Later that afternoon we were picked up for the scooter safari. In Kiruna centre we got proper clothes consisting of a warm snow suit, proper winter boots, gloves and helmets. Emelie and Alexandra were our guides and they were super friendly and told us a lot about Kiruna, the people and what it’s like to live in the land of the midnight sun.
Driving a scooter was hard, but fun. Tess started but we took turns driving and got helpful advice from our experienced guides. The caravan headed out into the Kiruna woods and was made up by us, our two guides, a couple from Taiwan and a guy from South Korea.
We drove for a while taking breaks to switch drivers and warm up. Stopped on Torne swamp where Emelie said the Northern lights usually can be seen. And sure enough, a sliver of green appeared in the distant.
I brought my camera and was very happy I did. Patiently trying until she got one that was fairly sharp, our guide managed to capture it with us in front.
We arrived to a small teepee (Kåta in Swedish), where we got to warm up and have some dinner. Dinner wasn’t great, reindeer meet in a stew with much cream.
How do you light a fire without a match? Tess now knows and successfully managed to do it. After a while of trying. Quite a long while, to be honest. But nevertheless a success.
Just in time for dessert the Aurora Borealis appeared again. Dancing over our heads.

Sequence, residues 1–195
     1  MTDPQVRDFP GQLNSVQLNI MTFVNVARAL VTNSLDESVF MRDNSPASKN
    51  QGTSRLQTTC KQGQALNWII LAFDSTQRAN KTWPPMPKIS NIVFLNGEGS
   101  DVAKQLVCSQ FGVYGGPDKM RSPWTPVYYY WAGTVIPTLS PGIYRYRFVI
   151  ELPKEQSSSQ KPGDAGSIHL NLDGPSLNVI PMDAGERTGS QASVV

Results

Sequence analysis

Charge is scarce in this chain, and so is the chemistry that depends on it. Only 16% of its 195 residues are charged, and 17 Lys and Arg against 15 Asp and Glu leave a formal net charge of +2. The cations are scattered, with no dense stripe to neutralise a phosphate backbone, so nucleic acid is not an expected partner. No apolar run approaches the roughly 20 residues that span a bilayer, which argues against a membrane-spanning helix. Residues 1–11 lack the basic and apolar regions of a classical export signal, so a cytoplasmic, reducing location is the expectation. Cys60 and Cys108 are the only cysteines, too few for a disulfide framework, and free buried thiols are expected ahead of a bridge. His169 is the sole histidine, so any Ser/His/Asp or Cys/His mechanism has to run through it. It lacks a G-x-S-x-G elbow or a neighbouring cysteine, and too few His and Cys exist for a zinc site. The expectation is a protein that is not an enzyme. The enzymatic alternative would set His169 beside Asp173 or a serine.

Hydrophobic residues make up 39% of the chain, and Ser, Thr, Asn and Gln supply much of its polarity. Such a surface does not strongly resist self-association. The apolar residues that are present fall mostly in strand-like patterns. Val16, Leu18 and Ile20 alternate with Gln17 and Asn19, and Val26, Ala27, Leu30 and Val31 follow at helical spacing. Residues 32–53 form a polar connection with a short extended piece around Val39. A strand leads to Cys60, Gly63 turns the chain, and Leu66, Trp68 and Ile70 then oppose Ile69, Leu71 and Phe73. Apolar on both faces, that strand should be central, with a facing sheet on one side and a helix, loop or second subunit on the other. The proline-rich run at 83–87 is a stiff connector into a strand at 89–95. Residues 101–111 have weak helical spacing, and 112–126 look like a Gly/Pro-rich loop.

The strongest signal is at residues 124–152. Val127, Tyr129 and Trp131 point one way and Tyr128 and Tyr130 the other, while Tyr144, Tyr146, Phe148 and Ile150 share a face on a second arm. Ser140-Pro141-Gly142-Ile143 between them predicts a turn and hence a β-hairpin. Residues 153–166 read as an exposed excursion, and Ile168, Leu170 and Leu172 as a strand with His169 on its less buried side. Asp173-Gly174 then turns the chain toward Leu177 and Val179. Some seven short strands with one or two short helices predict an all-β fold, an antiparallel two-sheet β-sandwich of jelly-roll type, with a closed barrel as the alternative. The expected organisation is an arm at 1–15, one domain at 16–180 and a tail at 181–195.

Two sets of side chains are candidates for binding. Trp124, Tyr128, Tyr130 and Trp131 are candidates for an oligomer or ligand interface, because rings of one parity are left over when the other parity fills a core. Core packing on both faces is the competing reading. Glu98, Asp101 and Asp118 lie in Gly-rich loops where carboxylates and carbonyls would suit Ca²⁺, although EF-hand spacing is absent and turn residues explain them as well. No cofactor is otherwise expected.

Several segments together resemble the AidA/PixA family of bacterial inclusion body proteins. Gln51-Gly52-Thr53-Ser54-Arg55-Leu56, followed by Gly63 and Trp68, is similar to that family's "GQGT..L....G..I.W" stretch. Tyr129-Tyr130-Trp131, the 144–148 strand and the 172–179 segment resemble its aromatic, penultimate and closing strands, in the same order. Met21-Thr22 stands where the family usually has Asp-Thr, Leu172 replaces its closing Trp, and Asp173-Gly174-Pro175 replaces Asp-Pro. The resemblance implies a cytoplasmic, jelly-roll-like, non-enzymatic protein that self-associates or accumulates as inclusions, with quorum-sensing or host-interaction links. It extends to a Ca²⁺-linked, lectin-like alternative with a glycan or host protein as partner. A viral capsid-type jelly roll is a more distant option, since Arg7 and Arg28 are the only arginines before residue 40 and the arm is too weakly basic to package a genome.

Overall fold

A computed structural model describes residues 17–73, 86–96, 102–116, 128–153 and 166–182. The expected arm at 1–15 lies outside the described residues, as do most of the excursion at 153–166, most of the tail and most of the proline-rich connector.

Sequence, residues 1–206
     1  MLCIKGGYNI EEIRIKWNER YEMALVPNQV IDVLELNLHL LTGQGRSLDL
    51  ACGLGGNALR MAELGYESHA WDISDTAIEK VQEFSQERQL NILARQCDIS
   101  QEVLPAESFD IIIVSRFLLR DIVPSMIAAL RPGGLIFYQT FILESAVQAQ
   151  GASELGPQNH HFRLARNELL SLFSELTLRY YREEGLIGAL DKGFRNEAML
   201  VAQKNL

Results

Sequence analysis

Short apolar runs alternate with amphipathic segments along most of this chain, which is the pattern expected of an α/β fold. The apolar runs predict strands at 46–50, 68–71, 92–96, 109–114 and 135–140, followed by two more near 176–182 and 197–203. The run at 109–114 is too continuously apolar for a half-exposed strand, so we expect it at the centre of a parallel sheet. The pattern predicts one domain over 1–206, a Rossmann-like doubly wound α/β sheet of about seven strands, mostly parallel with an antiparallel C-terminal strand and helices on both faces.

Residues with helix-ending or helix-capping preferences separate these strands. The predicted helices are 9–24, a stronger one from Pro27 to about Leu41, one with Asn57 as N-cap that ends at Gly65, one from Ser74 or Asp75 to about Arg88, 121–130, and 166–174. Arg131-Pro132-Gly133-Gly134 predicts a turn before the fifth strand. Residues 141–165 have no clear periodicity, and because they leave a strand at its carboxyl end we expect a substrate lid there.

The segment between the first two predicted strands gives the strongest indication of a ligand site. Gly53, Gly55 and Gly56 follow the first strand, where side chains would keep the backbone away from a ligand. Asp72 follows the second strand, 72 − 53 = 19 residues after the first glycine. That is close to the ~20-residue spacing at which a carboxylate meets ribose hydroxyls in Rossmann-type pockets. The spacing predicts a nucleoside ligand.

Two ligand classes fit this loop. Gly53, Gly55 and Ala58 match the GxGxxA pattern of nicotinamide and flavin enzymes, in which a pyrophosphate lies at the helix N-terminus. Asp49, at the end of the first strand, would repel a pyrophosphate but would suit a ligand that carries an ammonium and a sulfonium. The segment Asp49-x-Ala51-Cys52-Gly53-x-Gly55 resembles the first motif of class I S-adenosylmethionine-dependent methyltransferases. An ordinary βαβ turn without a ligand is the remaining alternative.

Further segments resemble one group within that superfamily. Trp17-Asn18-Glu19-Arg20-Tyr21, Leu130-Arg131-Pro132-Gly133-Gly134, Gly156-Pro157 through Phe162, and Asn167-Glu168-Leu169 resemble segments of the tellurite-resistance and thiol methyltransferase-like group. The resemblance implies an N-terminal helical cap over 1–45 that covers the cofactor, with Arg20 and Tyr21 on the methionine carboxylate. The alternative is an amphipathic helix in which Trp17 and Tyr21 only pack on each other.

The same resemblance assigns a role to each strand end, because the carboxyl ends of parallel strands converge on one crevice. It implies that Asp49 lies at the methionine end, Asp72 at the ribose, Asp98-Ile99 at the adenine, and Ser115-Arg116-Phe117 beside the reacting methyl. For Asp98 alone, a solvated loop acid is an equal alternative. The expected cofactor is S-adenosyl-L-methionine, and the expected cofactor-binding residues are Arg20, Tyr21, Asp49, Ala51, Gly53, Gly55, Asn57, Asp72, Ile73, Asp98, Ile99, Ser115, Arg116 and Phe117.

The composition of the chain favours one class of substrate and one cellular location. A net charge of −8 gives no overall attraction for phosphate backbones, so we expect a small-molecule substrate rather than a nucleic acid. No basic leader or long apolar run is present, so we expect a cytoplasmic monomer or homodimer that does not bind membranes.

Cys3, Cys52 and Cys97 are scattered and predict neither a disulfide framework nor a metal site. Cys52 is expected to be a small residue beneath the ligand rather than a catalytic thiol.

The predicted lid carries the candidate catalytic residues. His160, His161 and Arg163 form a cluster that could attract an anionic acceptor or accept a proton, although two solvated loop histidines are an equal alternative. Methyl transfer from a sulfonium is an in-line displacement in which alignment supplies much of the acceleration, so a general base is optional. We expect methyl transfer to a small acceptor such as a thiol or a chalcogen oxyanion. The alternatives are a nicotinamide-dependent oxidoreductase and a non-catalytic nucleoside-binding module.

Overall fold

In our cabin there was a book about the Northern lights and it said that if you see the Aurora Borealis with your love it is very lucky. And we were very lucky, the lights came out and dances over our heads for so long that we didn’t want to go back inside. Twice.
Friday evening after some card games and board games in the cabin, we decided to take a walk. One of the guys at the camp said there might be a herd of reindeers down on the frozen lake, so we thought that might be fun to see.
We walked down and to our disappointment there were no deer. But, we saw a slight sliver of light on the sky. We’d read that sometimes the Aurora is hard to see with your eyes, but if you take a photo it will appear stronger. So we walked back to get the camera.
When we came down it was slightly bigger but still weak and white. Not even the camera picked it up. Walking around we met a group of germans living at the camp as well, and they had heard that the Aurora was coming out in a bit so we waited. And then, there is was.
Is started small, faint and light green. Like a blurry vision on the sky. But then it grew and was literally dancing over our heads. Bright green and moving like waves. Amazing.
Tess didn’t bring a tripod but the germans did and lent it out, to great joy for Tess. A real tripod is much preferred to the makeshift tripod/outdoor candleholder that we brought from our cabin.
Two nights we saw this miracle on the sky, and it made us very happy to have seen it. It was one of the first big ones of the season and they said that it was even spotted over the city centre, which is highly unusual.
We started a tradition of making a poster for every new place we visit together, to put up on our poster wall.
After this trip the decision was very hard. So many amazing photos, but in the end we choose this one. We wanted the light and the trees and the snow.
This was a super cozy weekend and we can highly recommend it if you need to get away together.
We finished of the weekend with a sauna before getting on the plane to Stockholm. Two termies (terminal beers) later and we giggled all the way home.
Thank you Kiruna and the Aurora Borealis!